The American Cancer Society: Creating Hope in the Lab

The American Cancer Society has a
mission of finding researchers at the early stage in their career. It’s
during this time where it’s very difficult to get grants from the
National funding agencies because you have to have a great deal
preliminary data before they’re willing to support that work. This is the microfluidic chips that I
developed well I was funded under the American Cancer Society. What this chip does is it isolates
circulating tumor cells or rare cells that are in the blood that circulate around when a person has
cancer and the way that the chip works you simply have blood go into port and then exit to the other
port. The cancer cells stay behind and all the unwanted cells like red
blood cells and platelets go out. We can get the genetic fingerprints
where the tumor types from the cells that are captured on the chip. We would like to come up with a liquid
biopsy that would replace the surgical biopsy for a diagnosis of cancer. The idea would be
that you would go to your doctor’s office, you would have a simple blood draw and then
from that blood we would analyze it using a microfluidic device and identify any cancer cells that are
circulating around you. While I was getting my PhD in mechanical
engineering my stepmother was diagnosed with stage
three breast cancer. It was something that was devastating to
the whole family. And also seeing various extensive chemotherapies that were subscribed to her and then finding out that some of them weren’t actually working in that her cancer grew during the time that she was on this medication. This motivated me when I was doing my
postdoctoral research to switch my focus to cancer research. So
one of my hopes with the circulating tumor cells chip is that when patients go through their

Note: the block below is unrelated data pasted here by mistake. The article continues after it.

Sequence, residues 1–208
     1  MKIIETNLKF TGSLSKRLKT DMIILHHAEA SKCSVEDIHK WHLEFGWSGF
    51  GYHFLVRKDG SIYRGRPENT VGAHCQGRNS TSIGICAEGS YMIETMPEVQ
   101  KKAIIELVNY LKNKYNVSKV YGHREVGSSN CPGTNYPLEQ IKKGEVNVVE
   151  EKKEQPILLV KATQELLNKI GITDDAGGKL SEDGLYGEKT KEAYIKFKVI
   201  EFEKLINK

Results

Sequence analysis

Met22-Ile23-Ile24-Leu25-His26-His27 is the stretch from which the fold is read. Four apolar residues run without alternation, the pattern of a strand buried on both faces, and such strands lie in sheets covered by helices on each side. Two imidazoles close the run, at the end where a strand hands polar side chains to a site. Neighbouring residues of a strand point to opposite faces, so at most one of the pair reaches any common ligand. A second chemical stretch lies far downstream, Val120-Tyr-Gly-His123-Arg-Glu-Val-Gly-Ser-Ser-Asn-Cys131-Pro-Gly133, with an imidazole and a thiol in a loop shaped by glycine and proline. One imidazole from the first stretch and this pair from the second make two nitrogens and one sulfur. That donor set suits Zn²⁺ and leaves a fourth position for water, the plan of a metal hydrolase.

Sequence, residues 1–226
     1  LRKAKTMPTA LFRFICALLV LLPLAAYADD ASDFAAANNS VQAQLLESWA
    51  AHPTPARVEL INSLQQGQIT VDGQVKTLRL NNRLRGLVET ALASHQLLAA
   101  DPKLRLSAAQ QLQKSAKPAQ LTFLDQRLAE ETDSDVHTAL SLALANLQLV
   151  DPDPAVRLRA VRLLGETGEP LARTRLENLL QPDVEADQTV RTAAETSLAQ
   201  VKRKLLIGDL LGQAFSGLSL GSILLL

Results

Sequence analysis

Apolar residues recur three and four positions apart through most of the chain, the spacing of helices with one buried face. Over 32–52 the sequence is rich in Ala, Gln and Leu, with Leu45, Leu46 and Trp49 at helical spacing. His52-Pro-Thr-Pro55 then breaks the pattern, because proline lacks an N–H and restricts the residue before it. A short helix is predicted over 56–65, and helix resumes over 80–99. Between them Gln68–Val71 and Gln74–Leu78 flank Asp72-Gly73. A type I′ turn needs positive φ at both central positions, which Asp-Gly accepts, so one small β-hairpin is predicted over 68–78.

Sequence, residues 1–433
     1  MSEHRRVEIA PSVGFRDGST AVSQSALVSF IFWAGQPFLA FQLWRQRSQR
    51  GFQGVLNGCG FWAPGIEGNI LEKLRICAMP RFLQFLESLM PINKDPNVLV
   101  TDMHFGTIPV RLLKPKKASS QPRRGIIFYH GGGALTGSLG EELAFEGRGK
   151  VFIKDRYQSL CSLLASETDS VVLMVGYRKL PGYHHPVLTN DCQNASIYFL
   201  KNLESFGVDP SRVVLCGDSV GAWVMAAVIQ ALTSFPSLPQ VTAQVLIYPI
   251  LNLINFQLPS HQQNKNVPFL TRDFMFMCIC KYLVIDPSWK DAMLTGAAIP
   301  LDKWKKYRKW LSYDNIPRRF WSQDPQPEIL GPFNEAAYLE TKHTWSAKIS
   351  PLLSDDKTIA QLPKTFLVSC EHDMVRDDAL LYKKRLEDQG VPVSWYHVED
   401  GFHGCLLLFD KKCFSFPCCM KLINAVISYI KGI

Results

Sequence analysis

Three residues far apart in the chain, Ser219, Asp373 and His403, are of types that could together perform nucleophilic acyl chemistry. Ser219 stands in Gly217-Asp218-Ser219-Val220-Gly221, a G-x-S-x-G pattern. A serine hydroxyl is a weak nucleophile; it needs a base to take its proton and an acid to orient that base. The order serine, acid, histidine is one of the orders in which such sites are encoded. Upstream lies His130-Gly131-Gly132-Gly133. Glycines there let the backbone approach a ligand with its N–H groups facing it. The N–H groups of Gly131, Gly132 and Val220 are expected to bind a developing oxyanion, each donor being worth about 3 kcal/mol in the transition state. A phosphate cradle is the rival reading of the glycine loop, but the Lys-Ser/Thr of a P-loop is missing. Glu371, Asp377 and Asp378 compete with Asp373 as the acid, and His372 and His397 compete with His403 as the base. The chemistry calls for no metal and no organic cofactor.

treatments they get answers quickly. They don’t have to wait six to eight weeks to find out the
chemotherapy that they were on wasn’t working. And those patients live longer happier
lives to celebrate as many birthdays as they can. When I participate in American Cancer
Society events like Relay for Life and I see the survivors lap. Those are things
that really motivate me to come back work longer hours, harder in the lab, more
weekends because I really want to figure out a way that my son that he
thinks the cancer is something that is now manageable or hopefully a distant memory for
things that people have to do So when my friends ask me what can they
do to help cancer researcher or when I send
out a request when I’m participating in a Relay or a breast cancer walk I say to them
that please come and join my team walk with us help fundraise but for some
people in these economic times that can also be challenging you don’t always have spare money that you
can donate but volunteer at these events. So whatever you can do whatever time
that you can spare it’s greatly appreciated by researchers
and all the patients that are recipients at the great advances they are able to

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